The suit, filed Friday in U.S. District Court, is the second related to the outbreak that has been filed in Wisconsin by the Seattle-based law firm Marler Clark. The outbreak has been linked to fresh spinach and the suit names Dole Food Co. and Natural Selection Foods.
According to the complaint, Anne Grintjes, of the Milwaukee suburb of Brookfield, bought several packages of Dole baby spinach in late August.
Her children, Willem, 6, and Ella, 3, ate the spinach on several occasions. Willem became sick Sept. 2, suffered bouts of diarrhea and went to Children's Hospital of Wisconsin twice before developing hemolytic uremic syndrome, a potentially fatal form of kidney failure.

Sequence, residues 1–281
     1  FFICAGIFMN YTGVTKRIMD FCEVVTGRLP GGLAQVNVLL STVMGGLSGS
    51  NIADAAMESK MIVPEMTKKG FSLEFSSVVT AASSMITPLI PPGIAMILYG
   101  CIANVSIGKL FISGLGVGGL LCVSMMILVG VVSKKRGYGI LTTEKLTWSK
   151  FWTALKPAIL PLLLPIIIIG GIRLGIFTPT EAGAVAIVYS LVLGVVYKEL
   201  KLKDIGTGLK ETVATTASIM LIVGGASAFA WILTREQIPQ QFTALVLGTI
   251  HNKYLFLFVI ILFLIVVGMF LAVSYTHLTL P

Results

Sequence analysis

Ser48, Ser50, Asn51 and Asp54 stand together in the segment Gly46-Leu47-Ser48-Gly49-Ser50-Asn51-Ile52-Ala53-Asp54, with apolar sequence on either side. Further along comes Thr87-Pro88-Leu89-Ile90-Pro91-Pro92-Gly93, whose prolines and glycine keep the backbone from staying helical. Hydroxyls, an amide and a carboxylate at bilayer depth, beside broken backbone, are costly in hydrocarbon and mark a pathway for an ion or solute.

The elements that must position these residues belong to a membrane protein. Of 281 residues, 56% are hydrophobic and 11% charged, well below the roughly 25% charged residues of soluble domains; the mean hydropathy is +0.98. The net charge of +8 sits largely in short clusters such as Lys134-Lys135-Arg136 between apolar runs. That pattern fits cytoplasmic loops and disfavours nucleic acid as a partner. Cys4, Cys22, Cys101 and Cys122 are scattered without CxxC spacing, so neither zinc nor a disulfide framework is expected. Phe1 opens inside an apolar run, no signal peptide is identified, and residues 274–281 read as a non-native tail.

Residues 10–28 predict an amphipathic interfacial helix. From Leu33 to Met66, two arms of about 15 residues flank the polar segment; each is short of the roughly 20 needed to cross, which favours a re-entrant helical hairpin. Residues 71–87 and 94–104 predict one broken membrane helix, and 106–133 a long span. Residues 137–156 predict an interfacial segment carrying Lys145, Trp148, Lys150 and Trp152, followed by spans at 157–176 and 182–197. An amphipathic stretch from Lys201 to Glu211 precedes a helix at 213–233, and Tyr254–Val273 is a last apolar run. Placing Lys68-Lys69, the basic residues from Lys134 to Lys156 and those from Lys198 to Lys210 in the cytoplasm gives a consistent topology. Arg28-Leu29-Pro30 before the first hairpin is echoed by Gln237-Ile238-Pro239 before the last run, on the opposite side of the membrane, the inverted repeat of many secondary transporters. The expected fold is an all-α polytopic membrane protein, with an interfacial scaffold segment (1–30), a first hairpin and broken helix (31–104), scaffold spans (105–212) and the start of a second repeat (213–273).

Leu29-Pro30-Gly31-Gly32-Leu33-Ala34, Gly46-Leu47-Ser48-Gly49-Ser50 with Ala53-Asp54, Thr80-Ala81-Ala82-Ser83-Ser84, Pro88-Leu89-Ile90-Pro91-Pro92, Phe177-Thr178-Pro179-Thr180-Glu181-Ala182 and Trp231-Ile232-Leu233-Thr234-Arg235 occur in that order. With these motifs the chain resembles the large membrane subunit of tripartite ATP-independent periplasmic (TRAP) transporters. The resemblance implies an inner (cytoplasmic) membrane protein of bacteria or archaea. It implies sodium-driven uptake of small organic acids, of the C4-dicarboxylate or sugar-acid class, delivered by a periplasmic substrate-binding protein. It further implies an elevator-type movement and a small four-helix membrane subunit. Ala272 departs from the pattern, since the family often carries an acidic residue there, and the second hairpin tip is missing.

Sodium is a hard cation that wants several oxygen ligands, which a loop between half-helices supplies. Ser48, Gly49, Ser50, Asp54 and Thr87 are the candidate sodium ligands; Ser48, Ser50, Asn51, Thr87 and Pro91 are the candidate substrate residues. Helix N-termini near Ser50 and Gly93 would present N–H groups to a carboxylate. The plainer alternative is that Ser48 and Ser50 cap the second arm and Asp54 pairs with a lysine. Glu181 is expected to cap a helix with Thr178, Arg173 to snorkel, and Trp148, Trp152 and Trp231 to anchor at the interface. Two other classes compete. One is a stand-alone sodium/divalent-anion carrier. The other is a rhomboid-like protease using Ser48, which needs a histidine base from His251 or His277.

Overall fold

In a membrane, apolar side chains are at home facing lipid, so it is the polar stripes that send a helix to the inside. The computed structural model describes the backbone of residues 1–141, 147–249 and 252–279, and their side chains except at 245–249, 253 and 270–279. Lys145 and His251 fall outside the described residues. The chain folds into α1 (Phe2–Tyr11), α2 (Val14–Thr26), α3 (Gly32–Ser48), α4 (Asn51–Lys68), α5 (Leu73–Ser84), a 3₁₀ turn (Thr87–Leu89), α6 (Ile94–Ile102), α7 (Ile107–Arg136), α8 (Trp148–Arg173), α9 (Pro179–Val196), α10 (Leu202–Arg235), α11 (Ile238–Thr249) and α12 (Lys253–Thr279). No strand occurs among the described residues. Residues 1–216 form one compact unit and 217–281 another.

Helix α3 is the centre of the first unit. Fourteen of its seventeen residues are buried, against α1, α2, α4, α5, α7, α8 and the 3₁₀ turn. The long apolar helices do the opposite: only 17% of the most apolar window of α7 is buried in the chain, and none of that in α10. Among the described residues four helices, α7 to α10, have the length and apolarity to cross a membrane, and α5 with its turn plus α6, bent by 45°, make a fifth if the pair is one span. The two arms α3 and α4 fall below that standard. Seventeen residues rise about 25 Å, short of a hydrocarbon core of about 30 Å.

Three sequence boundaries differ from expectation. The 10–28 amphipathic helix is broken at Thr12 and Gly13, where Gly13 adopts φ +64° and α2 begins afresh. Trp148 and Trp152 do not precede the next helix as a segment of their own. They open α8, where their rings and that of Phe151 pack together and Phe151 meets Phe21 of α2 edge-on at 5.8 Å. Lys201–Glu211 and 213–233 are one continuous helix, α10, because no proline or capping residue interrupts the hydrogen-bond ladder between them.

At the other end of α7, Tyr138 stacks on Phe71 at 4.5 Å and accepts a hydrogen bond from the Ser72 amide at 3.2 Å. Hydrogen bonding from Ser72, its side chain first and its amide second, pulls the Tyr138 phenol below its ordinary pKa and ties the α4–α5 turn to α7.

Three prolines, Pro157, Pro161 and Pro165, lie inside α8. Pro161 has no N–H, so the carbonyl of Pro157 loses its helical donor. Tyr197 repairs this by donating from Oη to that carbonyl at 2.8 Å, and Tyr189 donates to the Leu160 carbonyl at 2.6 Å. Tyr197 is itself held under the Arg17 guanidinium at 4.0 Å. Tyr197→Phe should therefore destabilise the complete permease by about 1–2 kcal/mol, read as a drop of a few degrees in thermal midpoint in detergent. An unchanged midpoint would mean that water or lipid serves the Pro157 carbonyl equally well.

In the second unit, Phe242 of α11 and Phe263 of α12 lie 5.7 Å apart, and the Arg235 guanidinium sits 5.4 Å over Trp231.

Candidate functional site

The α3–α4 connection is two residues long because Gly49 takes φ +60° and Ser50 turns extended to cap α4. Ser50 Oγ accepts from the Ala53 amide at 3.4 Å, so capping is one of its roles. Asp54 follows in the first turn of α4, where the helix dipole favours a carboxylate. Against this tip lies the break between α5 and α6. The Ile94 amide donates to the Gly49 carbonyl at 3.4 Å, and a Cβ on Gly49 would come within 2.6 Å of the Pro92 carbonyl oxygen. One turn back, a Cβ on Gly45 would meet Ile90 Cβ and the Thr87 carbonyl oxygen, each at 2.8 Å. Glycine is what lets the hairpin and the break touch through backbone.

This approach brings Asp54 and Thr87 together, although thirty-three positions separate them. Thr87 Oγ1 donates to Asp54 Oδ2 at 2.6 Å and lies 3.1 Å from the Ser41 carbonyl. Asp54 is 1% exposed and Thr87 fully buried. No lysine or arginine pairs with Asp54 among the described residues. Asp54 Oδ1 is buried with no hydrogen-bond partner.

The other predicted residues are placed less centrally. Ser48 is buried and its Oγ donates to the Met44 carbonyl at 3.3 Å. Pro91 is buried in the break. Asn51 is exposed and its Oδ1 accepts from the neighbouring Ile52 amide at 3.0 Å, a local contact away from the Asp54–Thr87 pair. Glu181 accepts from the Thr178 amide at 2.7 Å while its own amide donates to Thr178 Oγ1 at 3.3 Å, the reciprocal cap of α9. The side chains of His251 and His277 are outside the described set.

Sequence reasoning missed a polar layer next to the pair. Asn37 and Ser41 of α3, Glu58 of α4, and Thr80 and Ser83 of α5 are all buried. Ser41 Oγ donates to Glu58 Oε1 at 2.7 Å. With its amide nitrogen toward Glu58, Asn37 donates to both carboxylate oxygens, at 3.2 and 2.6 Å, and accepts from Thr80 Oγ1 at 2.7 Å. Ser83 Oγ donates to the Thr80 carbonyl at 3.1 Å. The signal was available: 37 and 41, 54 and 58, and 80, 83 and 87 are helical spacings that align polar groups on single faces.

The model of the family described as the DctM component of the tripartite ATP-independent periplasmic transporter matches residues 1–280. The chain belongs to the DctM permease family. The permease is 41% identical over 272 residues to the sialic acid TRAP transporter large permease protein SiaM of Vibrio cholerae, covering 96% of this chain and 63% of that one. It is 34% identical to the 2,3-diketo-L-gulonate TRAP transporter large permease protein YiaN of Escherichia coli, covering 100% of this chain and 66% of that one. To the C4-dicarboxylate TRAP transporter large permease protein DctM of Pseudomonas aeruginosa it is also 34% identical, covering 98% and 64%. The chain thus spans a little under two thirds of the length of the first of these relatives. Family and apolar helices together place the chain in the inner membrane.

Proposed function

He was hospitalized until Sept. 17 and underwent multiple blood transfusions.
Ella Grintjes became sick Sept. 11 and tested positive for the E. coli strain Monday.
She has recovered but went to the emergency room a couple of times. She never developed hemolytic uremic syndrome.
Seattle-based Bill Marler, who has represented dozens of clients in lawsuits connected to contaminated bagged leafy greens, said late last week that he's representing more than 30 clients from 12 states over the current E. coli outbreak.
Forty-two Wisconsin residents had been confirmed to be sickened by this E. coli outbreak as of Friday. Nationally 166 people in 25 states have been sickened.
On Friday, the Food and Drug Administration said it was safe to eat spinach grown outside California's Salinas Valley.